Wang Theatre, Boston, MA
May 11–21, 2006
Reviewed by Wendy Perron
Although resident choreographer Jorma Elo’s new Carmen showcased Boston Ballet’s terrific dancers, it did not, in any sense, project the passion and danger associated with the story. In Elo’s version, the place is not the streets of Spain, and Carmen is not a feisty girl who works in a cigarette factory. The choreographer recasts her as a supermodel, and set designer Walt Spangler offers two huge oval-shaped platforms that are supposedly fashion runways. Karine Seneca, who danced Carmen in this cast, is a delicious dancer who can turn from limpid to athletic on a dime. But there was nothing brazen or hedonistic about her choreography.
Mikki Kunttu’s lighting was the only dramatic element. With the lights rigged in an upside-down V, the set looked like a cruise ship. The lowering and raising of the lights signaled when something ominous was happening. Don José (Roman Rykine) killed Carmen not by stabbing her but by suffocating her. He simply placed a palm over her mouth. What gave it a sense of horror was the lighting instrument that lowered down almost on top of her, seeming more lethal than his hand.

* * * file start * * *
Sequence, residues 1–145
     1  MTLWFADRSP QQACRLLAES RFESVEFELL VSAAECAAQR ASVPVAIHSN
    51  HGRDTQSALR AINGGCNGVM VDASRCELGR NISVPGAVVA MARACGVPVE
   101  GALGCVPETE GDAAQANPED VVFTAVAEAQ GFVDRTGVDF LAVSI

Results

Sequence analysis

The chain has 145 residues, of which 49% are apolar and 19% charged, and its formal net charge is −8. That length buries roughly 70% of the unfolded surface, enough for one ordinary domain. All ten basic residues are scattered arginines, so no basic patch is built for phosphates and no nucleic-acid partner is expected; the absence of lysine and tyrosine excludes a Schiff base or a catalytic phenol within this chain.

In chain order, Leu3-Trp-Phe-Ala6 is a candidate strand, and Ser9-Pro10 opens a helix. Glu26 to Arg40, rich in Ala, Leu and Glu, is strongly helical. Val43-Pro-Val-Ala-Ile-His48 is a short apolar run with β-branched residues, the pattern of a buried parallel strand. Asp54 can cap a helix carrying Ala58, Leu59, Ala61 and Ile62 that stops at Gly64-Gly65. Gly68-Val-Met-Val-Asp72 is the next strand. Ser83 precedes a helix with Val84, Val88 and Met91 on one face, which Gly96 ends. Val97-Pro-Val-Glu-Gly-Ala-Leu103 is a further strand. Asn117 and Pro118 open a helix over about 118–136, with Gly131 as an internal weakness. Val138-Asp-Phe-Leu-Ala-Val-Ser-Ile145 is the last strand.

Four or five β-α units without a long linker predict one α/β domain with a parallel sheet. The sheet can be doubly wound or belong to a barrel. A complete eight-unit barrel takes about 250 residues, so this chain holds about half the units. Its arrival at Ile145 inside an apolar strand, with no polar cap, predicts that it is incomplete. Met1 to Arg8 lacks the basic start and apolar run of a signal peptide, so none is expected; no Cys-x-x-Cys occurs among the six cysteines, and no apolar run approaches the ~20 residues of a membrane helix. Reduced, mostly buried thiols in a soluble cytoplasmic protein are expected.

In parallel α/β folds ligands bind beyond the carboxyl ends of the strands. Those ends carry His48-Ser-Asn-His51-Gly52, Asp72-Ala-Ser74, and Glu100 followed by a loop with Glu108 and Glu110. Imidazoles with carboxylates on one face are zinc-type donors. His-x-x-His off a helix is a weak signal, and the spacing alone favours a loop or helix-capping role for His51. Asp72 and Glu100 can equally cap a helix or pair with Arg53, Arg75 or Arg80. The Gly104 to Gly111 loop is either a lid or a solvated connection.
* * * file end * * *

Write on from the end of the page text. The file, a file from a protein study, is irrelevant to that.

In Elo’s sharp, disjointed movement style, hands cut through space and legs fly open in lifts and drags. The phrases are inventive but have little impact. Carmen’s duets with her man of the moment contained more tapping, chopping, and diving than touching. Nary a caress in sight, nor any body pressure that might build to sexual heat. The groupings too had no particular warmth, with activities spread evenly across the stage. Defying the general coolness of the production, Lia Cirio’s Michaela brought a beating heart to her Cassandra-like solos.
Luckily the program opened with a shimmering rendition of Balanchine’s Serenade. The company danced with delicacy and precision, led by three superb women. Lorna Feijóo was authoritative and yet full of surrender when the time came. Tai Jimenez was somber and lush as the Dark Angel, and Kathleen Breen Combes was joyous as the Russian Girl. The whole cast captured the pristine beauty and hint of lost love that make this a ballet you don’t forget. See www.bostonballet.com.